Fragmentation driven effects of temperature on lizard distribution and abundance: Long term, experimental evidence
Habitat loss and fragmentation is considered the greatest single contributor to biodiversity loss worldwide and increasing rates of fragmentation underscore the importance of understanding the full spectrum of its ecological consequences. One of the most immediate and universal effects of fragmentation is the increased incidence of solar radiation at newly created edges, resulting in higher and more variable surface temperatures within remaining forest patches. These changes in thermal conditions can have important implications for thermoregulation and energetics, particularly in ectothermic organisms.
In this study, we model air temperature within remnant forest patches in the long-term, controlled, and replicated Wog Wog habitat fragmentation experiment in southeastern Australia. Air temperature is modeled for each of the 188 pitfall trapping sites, in each year, using forest type, topography, wind speed and intensity, and the height of the pine plantation surrounding the native Eucalyptus forest patches. We use biophysical equations to translate that modeled air temperature into a set of biologically relevant measures of thermal conditions: operative body temperature (the temperature experienced by the organism), energy expenditure, and activity time. In this study, we focus on a small, ground-dwelling skink species (Lampropholis guichenoti)—the most abundant reptile species at the Wog Wog site.
Sampling at Wog Wog began in February 1985 when six replicates were delineated. Four of the six replicates became habitat fragments when the surrounding Eucalyptus forest was cleared in 1987. Two replicates remain in adjacent continuous forest and serve as non-fragmented control plots. More than 5,000 L. guichenotiindividuals have been trapped within Wog Wog since 1985, presenting an opportunity to test the relationship between thermal conditions and skink distribution and abundance before fragmentation, immediately following fragmentation, and over time.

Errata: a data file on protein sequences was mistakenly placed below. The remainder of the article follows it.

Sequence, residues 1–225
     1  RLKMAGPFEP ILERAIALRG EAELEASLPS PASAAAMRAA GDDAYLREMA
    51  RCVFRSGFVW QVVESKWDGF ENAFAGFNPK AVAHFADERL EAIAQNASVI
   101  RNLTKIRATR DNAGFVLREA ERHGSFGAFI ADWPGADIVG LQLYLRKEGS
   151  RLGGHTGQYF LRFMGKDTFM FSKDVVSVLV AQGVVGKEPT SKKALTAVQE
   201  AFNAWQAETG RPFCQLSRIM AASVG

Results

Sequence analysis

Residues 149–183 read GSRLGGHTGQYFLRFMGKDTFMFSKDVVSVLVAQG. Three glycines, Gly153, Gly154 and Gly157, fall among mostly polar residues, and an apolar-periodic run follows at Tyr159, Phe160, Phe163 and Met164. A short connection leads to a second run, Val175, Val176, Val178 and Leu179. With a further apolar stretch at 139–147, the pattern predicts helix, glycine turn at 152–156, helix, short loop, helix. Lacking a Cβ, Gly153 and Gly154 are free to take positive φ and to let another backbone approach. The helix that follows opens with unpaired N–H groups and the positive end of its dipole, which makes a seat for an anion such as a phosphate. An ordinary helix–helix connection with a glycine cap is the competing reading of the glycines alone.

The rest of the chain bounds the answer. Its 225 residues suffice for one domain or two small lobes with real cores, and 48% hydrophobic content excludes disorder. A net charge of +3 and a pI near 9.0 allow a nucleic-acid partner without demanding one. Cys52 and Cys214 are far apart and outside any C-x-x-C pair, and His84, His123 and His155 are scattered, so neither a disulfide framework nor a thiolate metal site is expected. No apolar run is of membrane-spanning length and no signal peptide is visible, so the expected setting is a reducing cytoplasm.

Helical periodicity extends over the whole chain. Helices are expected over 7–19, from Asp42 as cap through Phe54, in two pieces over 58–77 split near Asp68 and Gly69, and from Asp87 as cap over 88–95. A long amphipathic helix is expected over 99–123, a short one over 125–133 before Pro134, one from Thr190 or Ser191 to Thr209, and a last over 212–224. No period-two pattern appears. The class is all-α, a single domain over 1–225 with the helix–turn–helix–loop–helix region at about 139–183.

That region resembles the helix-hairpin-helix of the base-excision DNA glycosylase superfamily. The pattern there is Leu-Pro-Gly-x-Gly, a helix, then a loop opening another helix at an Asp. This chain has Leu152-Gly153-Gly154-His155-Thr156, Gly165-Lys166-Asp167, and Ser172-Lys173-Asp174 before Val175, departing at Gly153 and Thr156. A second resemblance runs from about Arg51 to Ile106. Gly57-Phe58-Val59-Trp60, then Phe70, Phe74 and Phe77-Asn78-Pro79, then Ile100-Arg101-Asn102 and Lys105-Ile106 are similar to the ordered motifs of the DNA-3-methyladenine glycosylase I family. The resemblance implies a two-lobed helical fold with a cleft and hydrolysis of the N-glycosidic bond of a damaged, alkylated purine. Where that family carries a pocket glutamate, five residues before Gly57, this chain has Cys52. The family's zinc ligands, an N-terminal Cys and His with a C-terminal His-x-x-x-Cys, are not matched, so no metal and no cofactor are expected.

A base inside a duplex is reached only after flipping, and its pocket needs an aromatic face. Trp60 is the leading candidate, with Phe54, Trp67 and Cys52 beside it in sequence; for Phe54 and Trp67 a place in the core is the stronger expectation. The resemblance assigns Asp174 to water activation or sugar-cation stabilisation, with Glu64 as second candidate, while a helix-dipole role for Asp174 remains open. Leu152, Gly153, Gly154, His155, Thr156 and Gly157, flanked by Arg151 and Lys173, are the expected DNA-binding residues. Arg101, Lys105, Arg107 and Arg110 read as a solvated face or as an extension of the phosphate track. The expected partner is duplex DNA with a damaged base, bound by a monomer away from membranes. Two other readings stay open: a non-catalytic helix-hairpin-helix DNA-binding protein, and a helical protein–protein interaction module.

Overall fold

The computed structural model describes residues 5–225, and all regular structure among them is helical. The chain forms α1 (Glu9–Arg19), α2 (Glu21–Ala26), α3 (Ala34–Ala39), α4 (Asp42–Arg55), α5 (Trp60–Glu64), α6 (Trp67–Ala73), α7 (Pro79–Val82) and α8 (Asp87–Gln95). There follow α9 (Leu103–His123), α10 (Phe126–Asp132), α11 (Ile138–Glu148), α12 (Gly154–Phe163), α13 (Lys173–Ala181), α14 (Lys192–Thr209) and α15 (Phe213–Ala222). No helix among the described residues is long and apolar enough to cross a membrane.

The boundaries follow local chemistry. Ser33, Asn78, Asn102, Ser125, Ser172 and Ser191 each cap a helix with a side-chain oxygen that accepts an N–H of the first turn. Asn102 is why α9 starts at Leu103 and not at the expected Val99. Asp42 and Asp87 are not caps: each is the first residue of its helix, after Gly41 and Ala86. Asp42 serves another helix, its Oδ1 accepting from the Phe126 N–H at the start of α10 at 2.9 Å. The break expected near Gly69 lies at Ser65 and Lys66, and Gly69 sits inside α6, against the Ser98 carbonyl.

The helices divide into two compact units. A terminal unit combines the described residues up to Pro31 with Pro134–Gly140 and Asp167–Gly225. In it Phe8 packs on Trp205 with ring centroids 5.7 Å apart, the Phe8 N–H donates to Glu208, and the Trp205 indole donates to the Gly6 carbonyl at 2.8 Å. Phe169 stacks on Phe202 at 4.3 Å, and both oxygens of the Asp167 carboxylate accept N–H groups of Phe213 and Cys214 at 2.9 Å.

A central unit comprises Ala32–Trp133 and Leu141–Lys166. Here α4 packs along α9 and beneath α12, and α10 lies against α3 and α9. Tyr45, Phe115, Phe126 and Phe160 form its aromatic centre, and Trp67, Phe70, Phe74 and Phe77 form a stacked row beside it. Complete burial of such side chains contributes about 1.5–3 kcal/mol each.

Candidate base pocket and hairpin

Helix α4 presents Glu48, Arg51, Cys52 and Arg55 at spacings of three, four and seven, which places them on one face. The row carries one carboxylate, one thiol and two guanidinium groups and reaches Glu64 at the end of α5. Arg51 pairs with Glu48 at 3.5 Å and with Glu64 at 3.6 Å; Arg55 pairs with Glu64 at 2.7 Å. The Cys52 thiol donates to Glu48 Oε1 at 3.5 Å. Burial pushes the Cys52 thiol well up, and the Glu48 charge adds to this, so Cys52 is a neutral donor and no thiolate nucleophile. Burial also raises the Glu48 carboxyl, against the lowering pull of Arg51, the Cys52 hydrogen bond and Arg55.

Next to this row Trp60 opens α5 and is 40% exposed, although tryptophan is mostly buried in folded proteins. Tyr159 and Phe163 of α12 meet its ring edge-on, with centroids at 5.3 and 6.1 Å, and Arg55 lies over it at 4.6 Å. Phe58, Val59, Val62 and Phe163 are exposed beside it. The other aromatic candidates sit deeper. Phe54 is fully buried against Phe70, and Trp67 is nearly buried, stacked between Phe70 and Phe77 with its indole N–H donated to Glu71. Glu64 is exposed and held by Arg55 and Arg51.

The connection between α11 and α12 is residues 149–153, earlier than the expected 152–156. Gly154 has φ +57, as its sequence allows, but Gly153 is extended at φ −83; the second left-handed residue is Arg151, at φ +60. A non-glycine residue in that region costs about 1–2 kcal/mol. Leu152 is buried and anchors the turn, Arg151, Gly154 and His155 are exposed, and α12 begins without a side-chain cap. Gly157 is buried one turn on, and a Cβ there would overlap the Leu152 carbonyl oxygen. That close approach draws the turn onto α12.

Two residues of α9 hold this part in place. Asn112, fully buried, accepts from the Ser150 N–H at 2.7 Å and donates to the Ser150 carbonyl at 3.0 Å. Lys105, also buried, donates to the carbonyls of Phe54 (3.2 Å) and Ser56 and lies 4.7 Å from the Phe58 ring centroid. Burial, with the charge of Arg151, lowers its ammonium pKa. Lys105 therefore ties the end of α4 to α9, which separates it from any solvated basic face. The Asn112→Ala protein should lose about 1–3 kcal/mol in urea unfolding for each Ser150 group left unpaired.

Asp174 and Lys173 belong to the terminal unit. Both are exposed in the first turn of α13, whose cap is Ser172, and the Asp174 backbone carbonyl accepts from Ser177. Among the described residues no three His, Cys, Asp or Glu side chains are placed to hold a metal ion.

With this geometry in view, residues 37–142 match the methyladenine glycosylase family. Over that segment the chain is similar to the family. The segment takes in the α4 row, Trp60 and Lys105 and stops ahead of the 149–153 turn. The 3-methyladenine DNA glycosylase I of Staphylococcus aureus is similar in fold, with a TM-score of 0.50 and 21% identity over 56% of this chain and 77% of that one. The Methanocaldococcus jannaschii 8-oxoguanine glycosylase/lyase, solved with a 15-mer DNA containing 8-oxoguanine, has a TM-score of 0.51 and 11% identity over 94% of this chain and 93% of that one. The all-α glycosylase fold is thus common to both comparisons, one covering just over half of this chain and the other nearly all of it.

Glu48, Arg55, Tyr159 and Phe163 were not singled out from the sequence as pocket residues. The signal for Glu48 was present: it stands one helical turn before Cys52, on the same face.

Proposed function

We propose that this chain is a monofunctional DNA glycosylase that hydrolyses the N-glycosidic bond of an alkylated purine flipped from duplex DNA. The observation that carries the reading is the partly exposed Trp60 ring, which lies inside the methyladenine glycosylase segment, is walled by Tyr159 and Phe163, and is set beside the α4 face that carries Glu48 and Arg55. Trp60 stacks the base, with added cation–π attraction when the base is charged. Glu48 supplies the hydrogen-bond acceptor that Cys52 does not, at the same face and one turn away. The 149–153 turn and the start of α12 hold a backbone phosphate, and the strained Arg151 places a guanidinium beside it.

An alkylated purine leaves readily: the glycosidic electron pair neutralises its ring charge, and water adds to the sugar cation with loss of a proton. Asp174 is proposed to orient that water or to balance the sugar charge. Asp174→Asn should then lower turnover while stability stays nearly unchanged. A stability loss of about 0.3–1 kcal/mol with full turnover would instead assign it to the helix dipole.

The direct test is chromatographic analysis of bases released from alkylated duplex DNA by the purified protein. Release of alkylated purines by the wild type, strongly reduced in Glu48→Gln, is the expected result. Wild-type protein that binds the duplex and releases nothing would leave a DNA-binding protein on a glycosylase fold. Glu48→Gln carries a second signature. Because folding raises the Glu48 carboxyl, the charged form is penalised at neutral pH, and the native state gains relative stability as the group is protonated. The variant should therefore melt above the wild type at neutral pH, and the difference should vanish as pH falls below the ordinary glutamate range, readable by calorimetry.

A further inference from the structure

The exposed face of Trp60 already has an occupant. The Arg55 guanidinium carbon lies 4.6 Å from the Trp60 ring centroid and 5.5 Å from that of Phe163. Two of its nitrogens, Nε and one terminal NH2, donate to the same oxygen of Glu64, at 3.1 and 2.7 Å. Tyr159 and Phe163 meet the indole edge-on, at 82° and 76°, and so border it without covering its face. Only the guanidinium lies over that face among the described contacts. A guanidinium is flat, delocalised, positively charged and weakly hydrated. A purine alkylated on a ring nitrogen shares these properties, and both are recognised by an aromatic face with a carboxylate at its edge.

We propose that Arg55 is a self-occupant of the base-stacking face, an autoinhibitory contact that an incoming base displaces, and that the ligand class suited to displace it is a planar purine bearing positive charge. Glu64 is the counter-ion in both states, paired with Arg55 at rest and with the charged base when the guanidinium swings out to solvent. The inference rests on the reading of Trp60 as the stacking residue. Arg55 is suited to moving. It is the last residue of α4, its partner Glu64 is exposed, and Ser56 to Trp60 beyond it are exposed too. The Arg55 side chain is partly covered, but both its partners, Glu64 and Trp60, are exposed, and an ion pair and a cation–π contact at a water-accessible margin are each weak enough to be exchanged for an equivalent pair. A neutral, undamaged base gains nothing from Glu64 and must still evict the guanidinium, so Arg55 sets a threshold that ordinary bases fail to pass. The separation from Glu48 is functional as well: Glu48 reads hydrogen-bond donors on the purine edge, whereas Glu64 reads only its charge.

Results suggest operative body temperature, energy expenditure, and activity time can serve as useful predictors for skink distribution and abundance. Differences in thermal conditions correlate with differences in distribution and abundance between fragmented and continuous forest treatments and within remnant patches. We also found that topography, wind speed and intensity, and the height of the pine plantation surrounding the patches were important variables for modeling air temperature.
This study provides insight into the influence of fragmentation-driven temperature changes on ectotherm persistence in fragmented landscapes. These results help expand our understanding of the effects of fragmentation by expanding our understanding of changes in the thermal environment that follow fragmentation and the impact of those changes on organisms in remaining habitat patches.